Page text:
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Working Mothers

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Charles Sanders
Charles Sanders

Buy Hmong Clothes

The rest of the second level is devoted to clothes and accessories, mainly imported work wear and school uniforms (western wall) and backpacks and carry bags (eastern wall). Head to the northern balcony for a good view down over the vendor who sits inside her stall below, perched on top of a pile of produce and packaged foods.

buy hmong clothes

Hi EmilyI am looking for handmade authentic hmong bags, such as the 3 photos that you show with your story. Is it possible for you to put me in contact with a seller of those bags.Greeting Sandra

I will be offering both a colored printable version and also a non-colored line-art version where you can print out and color yourself! This will be a great activity to do with kids to get them interested in learning about Hmong clothes, or possibly get them to wear their own!

Traditionally, Hmong embroidery is used as a form of decoration on clothing to make it bright and beautiful. Hmong embroidery includes bright colors: pinks, reds, greens, as well as blues, and these are sometimes used to contrast with the colors of yellow and brown overlaid with white (Hassel, 1984). From a young age, Hmong girls learn how to sew and copy motifs from their mothers and grandmothers. As they grow older, the embroidery skills that the girls acquire through their female elders serve to make them more attractive marriage partners (Mallinson et al, 1988: 37).Girls with impressive embroidery skills are admired for their potential ability to sew beautiful clothes for their future husband and family members.

In addition, when a girl is married, her mother will give her a skirt, or several skirts, depending on her social status or how much wealth her family has. Traditionally, the mother makes the skirts by herself and provides them to her daughter as a dowry. When the daughter becomes old and dies, one of these skirts will be worn at her funeral (Mallinson et al. 1988: 33). In a related vein, a daughter is expected to prepare funeral garments called tsho tshaj sab for her parents as they grow old. These garments are made of hemp cloth, and put on the corpse of the parents when they die. In the spirit realm, the parents wear these hemp garments as they make the journey to meet their ancestors in the afterlife. Hmong clothes were originally made from hemp. Hemp is a very important plant, and the fibers of the hemp stalk are stripped, spun into fiber threads and woven into cloth. It is then bleached and dyed into black or indigo blue. Hemp cloth that is decorated with batik and appliqué work is common among the Green Hmong, and often turned into pleated skirts. The undecorated dyed cloth is sewn into jackets and pants. White Hmong do not decorate their skirts; they are bleached and turned into white pleated versions. The cloth is dyed black and used to sew jackets and pants. Sometimes embroidery motif needlework is used as a decoration on the cuffs and placket fronts of jackets with embroidery stitches, batik, appliqué or reverse appliqué along with embellishments.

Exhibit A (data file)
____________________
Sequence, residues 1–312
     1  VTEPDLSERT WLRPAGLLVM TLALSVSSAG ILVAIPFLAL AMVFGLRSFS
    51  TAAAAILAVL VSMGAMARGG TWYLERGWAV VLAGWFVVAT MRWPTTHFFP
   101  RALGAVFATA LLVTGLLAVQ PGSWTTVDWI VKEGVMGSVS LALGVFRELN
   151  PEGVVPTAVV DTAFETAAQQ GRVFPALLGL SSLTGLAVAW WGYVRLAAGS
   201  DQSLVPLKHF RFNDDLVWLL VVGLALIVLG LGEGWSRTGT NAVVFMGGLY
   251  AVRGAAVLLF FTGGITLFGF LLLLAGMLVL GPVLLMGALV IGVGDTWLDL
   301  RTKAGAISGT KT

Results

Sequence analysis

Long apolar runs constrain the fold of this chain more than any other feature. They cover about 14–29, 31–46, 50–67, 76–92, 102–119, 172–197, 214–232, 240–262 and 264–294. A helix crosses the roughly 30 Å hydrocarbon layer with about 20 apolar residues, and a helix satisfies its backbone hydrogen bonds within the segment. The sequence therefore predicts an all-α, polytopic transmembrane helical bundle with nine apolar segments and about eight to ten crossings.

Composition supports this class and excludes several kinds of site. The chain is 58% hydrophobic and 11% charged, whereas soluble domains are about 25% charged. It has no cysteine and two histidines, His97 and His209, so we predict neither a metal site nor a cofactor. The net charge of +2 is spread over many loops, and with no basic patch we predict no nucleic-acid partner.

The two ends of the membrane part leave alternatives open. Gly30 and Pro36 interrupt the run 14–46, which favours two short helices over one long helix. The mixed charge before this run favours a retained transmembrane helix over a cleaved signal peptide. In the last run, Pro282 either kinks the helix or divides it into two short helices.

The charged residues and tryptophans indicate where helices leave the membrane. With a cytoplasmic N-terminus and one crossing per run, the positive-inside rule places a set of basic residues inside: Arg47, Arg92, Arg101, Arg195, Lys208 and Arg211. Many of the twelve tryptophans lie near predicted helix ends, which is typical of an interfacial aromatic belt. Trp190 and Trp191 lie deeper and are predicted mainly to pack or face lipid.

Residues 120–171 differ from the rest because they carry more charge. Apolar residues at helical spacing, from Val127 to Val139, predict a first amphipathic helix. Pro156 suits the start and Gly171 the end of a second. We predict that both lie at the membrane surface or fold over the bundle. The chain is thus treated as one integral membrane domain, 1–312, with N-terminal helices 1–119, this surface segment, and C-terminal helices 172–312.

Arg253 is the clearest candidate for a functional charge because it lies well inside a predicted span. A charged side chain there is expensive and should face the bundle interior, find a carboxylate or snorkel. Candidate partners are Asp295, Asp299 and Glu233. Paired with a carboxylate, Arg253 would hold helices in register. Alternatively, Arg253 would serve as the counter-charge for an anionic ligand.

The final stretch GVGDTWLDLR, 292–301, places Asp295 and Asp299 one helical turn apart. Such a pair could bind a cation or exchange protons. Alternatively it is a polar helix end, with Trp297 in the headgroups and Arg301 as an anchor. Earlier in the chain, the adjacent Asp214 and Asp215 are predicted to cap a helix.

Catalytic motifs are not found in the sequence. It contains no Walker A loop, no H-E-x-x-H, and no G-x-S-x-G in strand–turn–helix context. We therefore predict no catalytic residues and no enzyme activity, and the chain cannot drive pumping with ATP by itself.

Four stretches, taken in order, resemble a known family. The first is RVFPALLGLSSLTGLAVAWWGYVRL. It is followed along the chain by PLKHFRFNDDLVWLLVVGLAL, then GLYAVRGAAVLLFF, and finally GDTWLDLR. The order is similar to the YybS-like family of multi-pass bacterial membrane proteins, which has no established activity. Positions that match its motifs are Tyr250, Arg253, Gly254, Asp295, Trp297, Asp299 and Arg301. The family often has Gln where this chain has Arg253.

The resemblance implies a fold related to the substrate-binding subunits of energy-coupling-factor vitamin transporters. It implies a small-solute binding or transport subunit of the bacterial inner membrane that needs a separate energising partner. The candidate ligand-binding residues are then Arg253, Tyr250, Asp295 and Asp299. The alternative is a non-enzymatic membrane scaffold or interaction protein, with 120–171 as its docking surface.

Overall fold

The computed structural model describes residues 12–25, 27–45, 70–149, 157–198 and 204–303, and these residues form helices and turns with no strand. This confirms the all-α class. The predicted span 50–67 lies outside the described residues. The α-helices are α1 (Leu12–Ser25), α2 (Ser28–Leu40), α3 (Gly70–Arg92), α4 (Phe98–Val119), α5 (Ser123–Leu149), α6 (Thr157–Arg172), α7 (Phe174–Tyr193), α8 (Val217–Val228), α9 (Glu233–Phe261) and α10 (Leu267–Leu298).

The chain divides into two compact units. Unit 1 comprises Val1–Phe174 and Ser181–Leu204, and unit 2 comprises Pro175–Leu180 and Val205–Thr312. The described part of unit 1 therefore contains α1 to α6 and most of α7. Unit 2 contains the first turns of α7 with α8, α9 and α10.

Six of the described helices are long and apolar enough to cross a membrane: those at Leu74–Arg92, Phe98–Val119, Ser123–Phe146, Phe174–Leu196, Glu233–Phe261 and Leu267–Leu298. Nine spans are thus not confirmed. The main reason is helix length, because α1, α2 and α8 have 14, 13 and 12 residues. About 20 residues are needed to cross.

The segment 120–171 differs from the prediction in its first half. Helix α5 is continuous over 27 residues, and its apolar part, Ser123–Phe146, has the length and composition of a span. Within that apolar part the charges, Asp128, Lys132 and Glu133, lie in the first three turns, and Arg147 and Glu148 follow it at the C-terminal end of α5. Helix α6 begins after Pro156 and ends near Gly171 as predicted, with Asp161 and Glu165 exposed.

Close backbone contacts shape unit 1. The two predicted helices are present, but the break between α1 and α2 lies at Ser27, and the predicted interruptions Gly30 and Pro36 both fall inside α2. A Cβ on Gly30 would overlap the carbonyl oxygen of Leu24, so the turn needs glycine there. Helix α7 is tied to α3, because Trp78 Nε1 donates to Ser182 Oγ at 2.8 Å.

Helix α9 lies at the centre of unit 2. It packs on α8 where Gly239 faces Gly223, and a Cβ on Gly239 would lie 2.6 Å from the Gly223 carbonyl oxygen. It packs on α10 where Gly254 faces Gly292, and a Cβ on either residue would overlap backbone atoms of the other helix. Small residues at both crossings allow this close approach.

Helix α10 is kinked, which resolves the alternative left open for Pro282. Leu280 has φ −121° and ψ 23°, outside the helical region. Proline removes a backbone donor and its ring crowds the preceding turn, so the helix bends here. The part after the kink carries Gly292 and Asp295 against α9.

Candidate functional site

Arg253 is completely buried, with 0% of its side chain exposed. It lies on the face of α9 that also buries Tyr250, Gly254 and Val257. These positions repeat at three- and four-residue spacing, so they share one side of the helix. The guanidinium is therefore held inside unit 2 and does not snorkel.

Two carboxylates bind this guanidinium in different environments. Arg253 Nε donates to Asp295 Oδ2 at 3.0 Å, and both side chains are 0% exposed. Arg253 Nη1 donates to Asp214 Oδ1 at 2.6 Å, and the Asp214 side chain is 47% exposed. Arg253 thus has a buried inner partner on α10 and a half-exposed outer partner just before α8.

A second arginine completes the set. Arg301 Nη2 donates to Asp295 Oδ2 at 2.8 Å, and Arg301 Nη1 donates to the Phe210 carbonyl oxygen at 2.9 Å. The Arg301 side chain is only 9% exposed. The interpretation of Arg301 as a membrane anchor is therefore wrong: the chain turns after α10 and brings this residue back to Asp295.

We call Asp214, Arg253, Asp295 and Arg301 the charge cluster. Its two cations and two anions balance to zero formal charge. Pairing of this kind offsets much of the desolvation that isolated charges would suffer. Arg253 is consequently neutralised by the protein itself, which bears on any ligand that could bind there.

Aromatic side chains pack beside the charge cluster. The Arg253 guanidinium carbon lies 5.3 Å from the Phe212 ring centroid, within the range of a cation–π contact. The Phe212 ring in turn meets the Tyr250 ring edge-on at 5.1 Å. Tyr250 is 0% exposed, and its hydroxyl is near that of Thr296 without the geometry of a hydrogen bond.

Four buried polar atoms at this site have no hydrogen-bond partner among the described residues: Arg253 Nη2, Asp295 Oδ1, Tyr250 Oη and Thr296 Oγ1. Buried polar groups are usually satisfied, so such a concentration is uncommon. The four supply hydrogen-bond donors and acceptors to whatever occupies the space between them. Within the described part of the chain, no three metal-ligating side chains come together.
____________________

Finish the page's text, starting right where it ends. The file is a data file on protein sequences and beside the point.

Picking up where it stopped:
During the bride's time with the groom's family, she will wear their clan's traditional clothes. She will switch back to the clothes of her birth clan while visiting her family on the second day of the wedding. After the wedding is over, her parents will give her farewell presents and new sets of clothes. Before the couple departs, the bride's family provides the groom with drinks until he feels he can't drink anymore, though he will often share with any brothers he has. At this point the bride's older brother or uncle will often offer the groom one more drink and ask him to promise to treat the bride well, never hit her, etc. Finishing the drink is seen as proof that the groom will keep his promise. Upon arriving back at the groom's house, another party is held to thank the negotiator(s), the groomsman, and the bride's maid (tiam mej koob).[9]

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After laboring for months to make and gather my traditional Hmong clothes, my mother would wrap me in them so tightly I had to remember to breathe. Dozens of coins dangled from the outfit, clanging loudly against one another with every step; around my neck, I wore a heavy and beautiful xauv necklace as a reminder of the Hmong struggle. 041b061a72


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